This month’s guest blog post was written by our optometric resident, Dr. Monique Smyth.
How did I get cataracts? I hear this all the time from patients who are confused why they used to be able to see and then all of a sudden, it seems like, their glasses don’t work, they can’t drive at night, and they just can’t see like how they used to. This is nothing to be concerned about. Cataracts are a natural aging process that is going to happen to everyone if you’re blessed to live long enough.
It’s so gradual; you might not even notice that it is happening. You just start noticing that those glasses just aren’t right anymore, and getting a new pair doesn’t seem to help. The headlights at night are so blinding, you don’t feel comfortable driving at night on roads you’re not familiar with.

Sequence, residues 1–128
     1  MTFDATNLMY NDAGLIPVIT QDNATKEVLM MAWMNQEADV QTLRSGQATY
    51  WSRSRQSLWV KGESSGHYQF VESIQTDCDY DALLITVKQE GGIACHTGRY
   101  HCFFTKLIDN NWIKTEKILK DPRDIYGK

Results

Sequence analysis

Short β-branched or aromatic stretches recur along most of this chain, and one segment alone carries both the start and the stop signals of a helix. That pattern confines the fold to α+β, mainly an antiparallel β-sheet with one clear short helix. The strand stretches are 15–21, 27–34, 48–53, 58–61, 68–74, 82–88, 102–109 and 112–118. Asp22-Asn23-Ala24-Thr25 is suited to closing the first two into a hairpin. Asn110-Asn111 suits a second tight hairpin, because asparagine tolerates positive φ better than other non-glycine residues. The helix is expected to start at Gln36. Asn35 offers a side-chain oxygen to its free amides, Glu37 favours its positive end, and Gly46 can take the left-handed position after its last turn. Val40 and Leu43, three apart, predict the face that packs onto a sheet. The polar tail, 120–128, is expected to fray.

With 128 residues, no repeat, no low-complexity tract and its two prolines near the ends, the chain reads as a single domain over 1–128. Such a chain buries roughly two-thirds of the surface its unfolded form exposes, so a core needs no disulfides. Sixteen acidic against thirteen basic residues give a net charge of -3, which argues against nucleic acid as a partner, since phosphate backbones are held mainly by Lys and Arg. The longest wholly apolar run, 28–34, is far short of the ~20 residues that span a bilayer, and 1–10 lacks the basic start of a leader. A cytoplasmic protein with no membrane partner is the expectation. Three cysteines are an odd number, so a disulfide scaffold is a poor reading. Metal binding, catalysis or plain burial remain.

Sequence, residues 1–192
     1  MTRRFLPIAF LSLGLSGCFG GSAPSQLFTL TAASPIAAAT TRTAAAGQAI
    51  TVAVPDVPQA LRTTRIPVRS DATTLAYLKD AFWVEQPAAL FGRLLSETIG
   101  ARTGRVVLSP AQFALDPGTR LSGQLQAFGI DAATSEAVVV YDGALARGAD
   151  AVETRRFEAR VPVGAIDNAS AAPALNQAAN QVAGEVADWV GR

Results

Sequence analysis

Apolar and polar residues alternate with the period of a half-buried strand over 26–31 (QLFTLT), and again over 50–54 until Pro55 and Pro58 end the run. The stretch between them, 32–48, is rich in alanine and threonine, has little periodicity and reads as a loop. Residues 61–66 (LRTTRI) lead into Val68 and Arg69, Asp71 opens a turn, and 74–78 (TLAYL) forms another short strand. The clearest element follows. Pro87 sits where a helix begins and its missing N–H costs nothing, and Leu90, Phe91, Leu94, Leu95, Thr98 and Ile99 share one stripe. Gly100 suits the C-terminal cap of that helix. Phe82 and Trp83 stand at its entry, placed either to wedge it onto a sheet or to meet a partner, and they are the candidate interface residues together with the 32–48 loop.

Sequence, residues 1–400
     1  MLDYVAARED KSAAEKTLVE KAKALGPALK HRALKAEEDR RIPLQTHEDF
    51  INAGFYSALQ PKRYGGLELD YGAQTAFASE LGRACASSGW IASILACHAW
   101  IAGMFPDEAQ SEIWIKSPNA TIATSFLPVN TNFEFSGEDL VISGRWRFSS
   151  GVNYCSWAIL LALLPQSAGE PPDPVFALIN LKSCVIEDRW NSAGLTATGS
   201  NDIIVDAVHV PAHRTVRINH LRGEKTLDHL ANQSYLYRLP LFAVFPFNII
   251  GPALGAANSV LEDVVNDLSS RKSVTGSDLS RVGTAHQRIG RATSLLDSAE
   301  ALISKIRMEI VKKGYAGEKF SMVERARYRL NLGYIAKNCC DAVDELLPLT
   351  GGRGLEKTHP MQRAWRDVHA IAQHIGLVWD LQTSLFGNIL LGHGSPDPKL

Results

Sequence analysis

Over time, the natural lens inside your eye starts to yellow and harden due to UV exposure. I like to use the example: if you leave a white piece of paper outside, over time, it’s going to start yellowing, just from being in the sun for that long. There are other ways that cataracts can develop quicker. Patients with uncontrolled diabetes are going to progress quicker due to excess blood sugar levels that will cause swelling in the lens and can lead to cataract formation. Patients who have had a trauma to the eye can develop a cataract suddenly due to mechanical injury. Patients who have been on long term oral or topical steroids can develop cataracts. Patients can also develop them at younger ages due to genetic disorders or having congenital cataracts when they were born.
The good news is that surgeons perform 3.6 million cataract surgeries a year in the United States, making it one of the safest and most common surgeries that are performed. Cataract surgery consists of removing the natural lens and replacing it with an artificial lens that allows patients to see brighter and crisper images.
Optometrists and ophthalmologists are able to see this on annual dilated eye exams, so when you hear the word ‘cataracts,’ don’t worry! You’re not alone and, at Virginia Eye Consultants, we’re here to help!
~ Dr. Monique Smyth, Virginia Eye Consultants